Race Relations and TURNING POINT PARK
On October 1, 2016, the Lee Street Community Center opened TURNING POINT PARK on Main Street in Elaine. The Bridge Grant provided the biggest portion of funding for the park. (We continue to need and raise funds to keep the park open.)
The park honors Scipio Africanus Jones who was born a slave and became a lawyer who saved the lives of 12 African Americans who were sentenced to death after the massacre of 1919 in which over 200 African Americans were killed. He took a case all the way to the U.S. Supreme Court, but did not get to argue the case there. He would have been the first black lawyer argue a case before the U.S. Supreme Court. The case resulted in a new interpretation of the 14th Amendment, giving all citizens, not just white, due process of the law.
Inside the park is the original interior door from a one-room school house built in the early 1900’s. A story written to go with it makes you stop to think of the many people who turned that door knob, most of them African American. The door is a historical treasure that could have easily disappeared with the unstable building.
Under the pavilion, there are nine musical instruments, with two more on the wish list.
Recently, the park included a lighted, nine-foot Christmas tree decorated with cotton and candy.
All the benches are moveable so that the park can be used for a variety of activities.
Our park does not tell the story of the 1919 riot. That story is introduced on the State Park Historical Board which is just across the railroad tracks from Turning Point Park. The park’s purpose is not to present the turmoil, but to recognize the progress made by Scipio Jones and the Supreme Court.
The park serves as a steppingstone into activities happening before October, 2019. There is nothing in the park that should stir up any anxiety in the town. However, it has happened, even though very few residents have come to see the park.
Here are some observations:
- There are only a very few residents who do not believe the history that has been discovered. Respectfully, they accept what has been passed down to them.
- Most residents don’t want it talked about because they don’t want their town known for that and the past is the past and it is better to leave it alone and move on.*
- There are residents who accept the history but have firm relationships with those who don’t want it talked about.
- Most of the guests for the grand opening were from out of town. Few white residents attended. Few black residents attended.
*Residents would learn that very little of the killing was done by Elaine residents or in Elaine itself. About 500 armed men came to the area and 500 more from Camp Pike. Even though some white landowners started the rumor, the extent of the killing was out of local control. Some white families protected black families.
- We respect those with differing thoughts and realize that if we didn’t research for ourselves, we would agree with what our grandparents taught.
- We understand that it is not a pleasant topic for the community, but we know it is going to become much more public in the next three years—even if we did nothing. We know of two or more documentaries being made and at least 30 – 40 people around the country who are studying this history. We have not initiated any of this.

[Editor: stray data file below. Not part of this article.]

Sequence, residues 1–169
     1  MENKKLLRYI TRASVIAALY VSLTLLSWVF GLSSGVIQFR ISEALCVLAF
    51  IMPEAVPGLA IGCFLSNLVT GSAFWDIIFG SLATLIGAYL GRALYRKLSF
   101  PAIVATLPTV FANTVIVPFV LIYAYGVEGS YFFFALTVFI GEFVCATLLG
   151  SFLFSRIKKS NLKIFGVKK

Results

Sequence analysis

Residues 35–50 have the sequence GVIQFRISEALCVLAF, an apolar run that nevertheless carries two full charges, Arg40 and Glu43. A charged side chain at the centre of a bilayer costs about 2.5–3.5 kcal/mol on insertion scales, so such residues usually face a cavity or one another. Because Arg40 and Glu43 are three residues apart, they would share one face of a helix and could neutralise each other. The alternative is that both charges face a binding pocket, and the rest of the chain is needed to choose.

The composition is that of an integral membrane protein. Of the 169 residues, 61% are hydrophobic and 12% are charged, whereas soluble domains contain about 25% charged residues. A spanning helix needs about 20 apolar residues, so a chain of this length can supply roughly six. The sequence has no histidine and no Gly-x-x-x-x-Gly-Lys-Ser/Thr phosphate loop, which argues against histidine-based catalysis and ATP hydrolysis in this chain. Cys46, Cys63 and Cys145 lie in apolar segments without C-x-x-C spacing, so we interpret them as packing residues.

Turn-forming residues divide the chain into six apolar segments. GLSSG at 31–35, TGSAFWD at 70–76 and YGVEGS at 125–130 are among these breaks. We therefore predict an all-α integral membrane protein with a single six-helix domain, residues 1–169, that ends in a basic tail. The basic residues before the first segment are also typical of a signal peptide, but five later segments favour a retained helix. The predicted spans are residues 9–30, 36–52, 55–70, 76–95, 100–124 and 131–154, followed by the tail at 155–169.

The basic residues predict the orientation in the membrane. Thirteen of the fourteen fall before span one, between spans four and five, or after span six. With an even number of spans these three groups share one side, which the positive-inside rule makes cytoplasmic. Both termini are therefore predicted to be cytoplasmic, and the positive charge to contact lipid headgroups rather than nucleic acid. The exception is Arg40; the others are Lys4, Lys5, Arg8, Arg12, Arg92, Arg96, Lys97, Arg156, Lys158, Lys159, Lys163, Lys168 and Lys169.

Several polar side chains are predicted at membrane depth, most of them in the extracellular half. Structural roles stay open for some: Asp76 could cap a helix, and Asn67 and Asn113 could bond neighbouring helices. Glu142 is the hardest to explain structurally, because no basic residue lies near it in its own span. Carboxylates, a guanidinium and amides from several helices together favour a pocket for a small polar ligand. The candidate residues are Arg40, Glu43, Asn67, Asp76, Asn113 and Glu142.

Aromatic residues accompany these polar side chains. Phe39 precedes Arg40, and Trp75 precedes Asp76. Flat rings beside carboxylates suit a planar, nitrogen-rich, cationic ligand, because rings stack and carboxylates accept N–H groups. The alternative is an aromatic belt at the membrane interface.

- We respect long-term relationships. Sometimes it is better to not talk and wait for the right time. (You know that if you’ve had a spouse or a teenager.) Scipio Jones was very skilled at knowing when to save announcements and when to speak up. We are not trying to force people to talk, but to prepare them for the talk that will be happening about Elaine.
- We did have the Mayor of Elaine and some other white friends at the opening ceremony and understood why others did not attend. We had to think about why we didn’t have more African American residents. Some of the oldest black residents still find the topic too painful to discuss. Some may have not seen the mail or posters. Some did not want to appear to start “trouble.” Some didn’t understand what we were doing. Some didn’t find it important. And, some of the members of a group that sang left after the opening activity and didn’t stay for the history part of the ceremony.
The saddest thing we have heard is a rumor that the park is meant to stir up racial conflict. All we can do is pray and continue to be who we are.
We are concerned about how this history will be taught in this part of the state. The teacher can present it in a manner that encourages learning from the past and reconciliation or that builds up resentment and more racial conflict.
We feel some of this has an effect on our fundraising. We will continue to look for funds to open the park at set hours for residents and visitors. We will work with other nonprofits to plan city-wide activities. Most important is that we focus both downtown and at the community center on the children who need positive activities.
With a presence both downtown and in the black community, our goal is to bring hope, not discouragement, to Elaine.
Elementary Educator, Counselor & Author
Named a 2016 Arkansan of the Year by Arkansas Life magazine
Rolling Hills Baptist Church, Fayetteville
Resides in Fayetteville